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This handsome new establishment's full name is Bookmakers Cocktail Club, which might lead you to believe that a proper dinner menu might be incidental or even nonexistent.

Even once you're inside, you might not be completely sure. The main space is an unbroken expanse encompassing the long room-length bar and seating areas that never quite announce themselves as one thing or another. This is to say, there is nothing at Bookmakers that you'd definitively call a dining room.

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You might be further lulled into thinking that Bookmakers is solely a cocktail lounge when you have a look at the drinks menu, which features — in addition to a vast selection of bourbon, rye and American whiskeys — an array of Japanese and Taiwanese whiskeys, eight varieties of absinthe, three kinds of chartreuse and 10 brands of amaro. All that, and a full-page cocktail list courtesy of Bookmakers' beverage director, Ryan Sparks, an alumnus of Brewer's Art, Jack's Bistro and Of Love and Regret.

It turns out that Bookmakers definitely has a food menu, a very good one, from the talented chef Sarah Acconcia, formerly of Le Garage and 13.5% Wine Bar. Everything we had was delicious and satisfying. There was a robustness to Acconcia's food that I found very appealing.

This is not shy food, which you will find out for yourself pretty quickly. I loved, loved, loved the appetizer of fried oysters, perfectly breaded and seasoned, and served with slices of fried pickled red onions over a hot honey aioli. You see what I mean: There's a lot going on there, but it all works.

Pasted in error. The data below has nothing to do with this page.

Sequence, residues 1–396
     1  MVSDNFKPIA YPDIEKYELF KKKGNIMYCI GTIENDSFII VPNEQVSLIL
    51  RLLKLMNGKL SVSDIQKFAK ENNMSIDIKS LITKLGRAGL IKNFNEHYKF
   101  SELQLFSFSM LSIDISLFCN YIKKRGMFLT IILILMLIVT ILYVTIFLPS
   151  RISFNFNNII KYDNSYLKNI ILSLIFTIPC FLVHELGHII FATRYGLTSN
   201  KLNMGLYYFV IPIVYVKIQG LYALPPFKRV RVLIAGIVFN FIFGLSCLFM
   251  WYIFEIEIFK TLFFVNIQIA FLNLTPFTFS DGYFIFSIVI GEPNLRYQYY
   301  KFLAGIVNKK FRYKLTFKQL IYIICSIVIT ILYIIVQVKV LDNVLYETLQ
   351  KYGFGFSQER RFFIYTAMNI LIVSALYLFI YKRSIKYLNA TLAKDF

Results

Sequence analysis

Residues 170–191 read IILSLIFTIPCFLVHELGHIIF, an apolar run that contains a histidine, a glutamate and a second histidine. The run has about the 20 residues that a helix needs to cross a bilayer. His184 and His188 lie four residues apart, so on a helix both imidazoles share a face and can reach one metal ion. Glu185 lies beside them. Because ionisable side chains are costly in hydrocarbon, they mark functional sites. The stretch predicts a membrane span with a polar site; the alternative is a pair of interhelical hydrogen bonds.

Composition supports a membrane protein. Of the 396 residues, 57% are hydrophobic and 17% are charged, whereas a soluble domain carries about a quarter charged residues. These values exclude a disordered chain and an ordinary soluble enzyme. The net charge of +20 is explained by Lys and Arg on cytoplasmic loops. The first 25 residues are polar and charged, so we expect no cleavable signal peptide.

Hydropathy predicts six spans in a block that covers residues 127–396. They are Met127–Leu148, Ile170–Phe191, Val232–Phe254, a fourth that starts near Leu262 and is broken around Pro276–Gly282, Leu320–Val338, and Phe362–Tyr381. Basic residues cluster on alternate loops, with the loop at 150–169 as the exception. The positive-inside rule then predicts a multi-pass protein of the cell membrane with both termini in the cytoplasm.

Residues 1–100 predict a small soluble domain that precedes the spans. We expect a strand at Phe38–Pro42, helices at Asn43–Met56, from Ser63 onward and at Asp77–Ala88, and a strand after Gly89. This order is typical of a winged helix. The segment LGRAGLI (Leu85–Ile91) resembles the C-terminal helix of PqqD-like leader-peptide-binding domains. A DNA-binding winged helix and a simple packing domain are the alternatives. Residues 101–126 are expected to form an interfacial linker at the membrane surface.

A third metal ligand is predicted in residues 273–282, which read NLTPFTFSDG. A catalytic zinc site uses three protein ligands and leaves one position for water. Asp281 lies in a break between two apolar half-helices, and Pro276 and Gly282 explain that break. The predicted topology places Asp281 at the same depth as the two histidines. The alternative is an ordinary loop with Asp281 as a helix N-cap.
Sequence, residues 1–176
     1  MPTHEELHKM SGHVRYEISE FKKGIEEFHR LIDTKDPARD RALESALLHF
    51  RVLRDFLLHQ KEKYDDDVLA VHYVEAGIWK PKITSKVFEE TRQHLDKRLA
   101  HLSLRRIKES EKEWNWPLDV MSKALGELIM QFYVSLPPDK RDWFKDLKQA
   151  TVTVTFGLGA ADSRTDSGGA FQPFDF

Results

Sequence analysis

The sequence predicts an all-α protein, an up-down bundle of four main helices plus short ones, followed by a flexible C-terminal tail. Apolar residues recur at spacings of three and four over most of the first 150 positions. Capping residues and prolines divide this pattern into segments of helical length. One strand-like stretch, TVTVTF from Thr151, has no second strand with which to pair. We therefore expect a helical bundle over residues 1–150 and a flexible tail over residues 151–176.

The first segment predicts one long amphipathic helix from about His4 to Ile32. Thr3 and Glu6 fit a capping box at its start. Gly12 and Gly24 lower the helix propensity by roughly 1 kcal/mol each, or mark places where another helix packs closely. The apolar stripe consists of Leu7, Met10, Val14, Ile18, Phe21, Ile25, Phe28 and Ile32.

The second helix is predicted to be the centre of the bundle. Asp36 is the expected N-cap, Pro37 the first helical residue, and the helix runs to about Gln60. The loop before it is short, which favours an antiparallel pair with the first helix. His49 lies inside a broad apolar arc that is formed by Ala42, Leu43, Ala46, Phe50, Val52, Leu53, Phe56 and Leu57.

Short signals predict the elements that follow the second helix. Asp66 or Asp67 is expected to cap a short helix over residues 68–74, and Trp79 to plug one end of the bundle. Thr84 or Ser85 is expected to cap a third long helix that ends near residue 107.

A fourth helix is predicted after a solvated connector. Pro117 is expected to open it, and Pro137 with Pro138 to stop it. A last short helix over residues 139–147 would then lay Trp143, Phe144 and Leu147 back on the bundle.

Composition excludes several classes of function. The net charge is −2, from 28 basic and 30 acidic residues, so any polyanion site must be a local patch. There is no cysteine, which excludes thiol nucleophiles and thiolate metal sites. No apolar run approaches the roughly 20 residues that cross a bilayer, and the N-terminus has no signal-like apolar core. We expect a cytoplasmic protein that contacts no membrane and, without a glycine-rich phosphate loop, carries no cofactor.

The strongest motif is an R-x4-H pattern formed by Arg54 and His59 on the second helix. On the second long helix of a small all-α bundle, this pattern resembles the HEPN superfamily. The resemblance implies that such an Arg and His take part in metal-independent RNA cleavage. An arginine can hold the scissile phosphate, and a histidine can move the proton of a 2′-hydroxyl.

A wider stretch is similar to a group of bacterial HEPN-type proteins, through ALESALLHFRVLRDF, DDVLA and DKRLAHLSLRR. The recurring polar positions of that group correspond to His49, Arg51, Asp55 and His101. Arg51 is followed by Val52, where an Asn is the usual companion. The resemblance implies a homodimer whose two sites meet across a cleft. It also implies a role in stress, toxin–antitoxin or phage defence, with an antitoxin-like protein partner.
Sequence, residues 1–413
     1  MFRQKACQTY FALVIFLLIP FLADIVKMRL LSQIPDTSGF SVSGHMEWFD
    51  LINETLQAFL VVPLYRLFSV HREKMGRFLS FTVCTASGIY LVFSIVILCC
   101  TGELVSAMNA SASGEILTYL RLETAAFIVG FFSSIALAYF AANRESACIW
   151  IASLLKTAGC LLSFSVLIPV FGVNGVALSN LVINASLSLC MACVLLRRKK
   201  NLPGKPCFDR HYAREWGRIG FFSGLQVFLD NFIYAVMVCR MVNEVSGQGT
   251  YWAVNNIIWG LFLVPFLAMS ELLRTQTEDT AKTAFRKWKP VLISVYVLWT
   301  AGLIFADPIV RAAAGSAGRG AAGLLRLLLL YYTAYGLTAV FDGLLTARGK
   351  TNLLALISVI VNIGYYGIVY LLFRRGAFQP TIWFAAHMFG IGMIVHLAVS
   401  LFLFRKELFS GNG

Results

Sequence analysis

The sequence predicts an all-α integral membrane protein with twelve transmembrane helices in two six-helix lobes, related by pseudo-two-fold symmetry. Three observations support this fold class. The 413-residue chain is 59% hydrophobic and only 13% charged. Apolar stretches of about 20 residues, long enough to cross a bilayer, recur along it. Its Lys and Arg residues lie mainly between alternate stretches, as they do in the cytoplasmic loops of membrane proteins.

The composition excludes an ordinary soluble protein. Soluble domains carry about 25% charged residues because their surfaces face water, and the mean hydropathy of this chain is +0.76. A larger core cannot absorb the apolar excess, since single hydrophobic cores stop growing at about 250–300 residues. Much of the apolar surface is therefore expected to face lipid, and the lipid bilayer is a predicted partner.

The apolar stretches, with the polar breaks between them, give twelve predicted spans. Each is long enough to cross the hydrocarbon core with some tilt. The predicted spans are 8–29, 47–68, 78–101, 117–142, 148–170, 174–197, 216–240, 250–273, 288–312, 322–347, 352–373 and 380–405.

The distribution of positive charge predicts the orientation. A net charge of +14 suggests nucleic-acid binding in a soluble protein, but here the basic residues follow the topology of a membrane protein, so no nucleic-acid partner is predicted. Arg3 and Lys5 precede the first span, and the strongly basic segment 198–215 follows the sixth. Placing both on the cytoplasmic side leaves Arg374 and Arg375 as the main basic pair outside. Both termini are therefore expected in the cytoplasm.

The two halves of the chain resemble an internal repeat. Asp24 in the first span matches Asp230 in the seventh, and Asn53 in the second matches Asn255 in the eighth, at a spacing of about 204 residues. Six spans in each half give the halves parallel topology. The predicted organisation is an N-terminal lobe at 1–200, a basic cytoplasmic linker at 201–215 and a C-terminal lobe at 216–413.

A flavorful appetizer of small and dense meatballs in a berry barbecue sauce with shaved radish also worked, but it had less oomph. Don't let the fact that everyone is now doing Brussels sprouts stop you from ordering Bookmakers' roasted beauties, which come loaded with hunks of candied bacon and shavings of Grana Padano cheese.

We've been seeing gnocchi a lot lately, too, and frankly, we'd want another shot at Acconcia's rye gnocchi, which is listed as an entree but might work better as an appetizer. Here, there might have been one too many strong flavors — honey mustard, freshly grated horseradish and a pastrami meat sauce — competing for our attention.

Try some of the other entrees instead. A slab of bison meatloaf, topped with grilled peppers and onions and served with creamy mashed potatoes with scallions, was moist and well seasoned. Andy's Chicken platter, an Acconcia calling card, is my early Bookmakers favorite. Its long cooking process involves brining chicken parts, submerging them in a confit of duck fat until they're ready to fry, and then serving them up with chicken gravy, bacon-braised kale and corn grits.

Bookmakers has a sharp serving staff, who will give you good ideas, like converting a side dish of Brussels sprouts into an appetizer or, later, taking a chance on a chocolate bread pudding with caramel sauce, in which dense bread is made bright and light by the summery flavor of peach ice cream.

There are other desserts to try, like a salted caramel pot de creme and a sampler platter of sweet snacks. And there is a small listing of draft and bottled beers and a smaller one of red and white wines, available by the bottle or glass.

Appetizers, entrees, wine lists, dessert? I'm going to go out on a limb and say that Bookmakers is not just a cocktail bar but is also a restaurant. This might be the way most eating establishments look and behave in the near future. Industry watchers tell us that patrons hate committing themselves to a full dinner experience — it's easier to put their fannies in chairs if no one's being asked to make any promises beyond the first hand-crafted cocktail.

Bookmakers, on the rainy weeknight in December when we visited, was doing an excellent job of looking like a million bucks but not acting hoity-toity or la-di-dah. It's just a comfortable, well-designed space with just enough gorgeous little design details — sculpted banquettes, textured wallpaper, ornate mirrors — to make you feel like you might be coming up in the world.

To readers

In last Sunday's dining review, I included a statement that attempted to underscore the point that Serengeti Steakhouse provides a welcoming environment for all diners. But it was gratuitous and flippant, and gave offense. It did not meet The Baltimore Sun's editorial standards and should not have been included. The Sun — and I — apologize.

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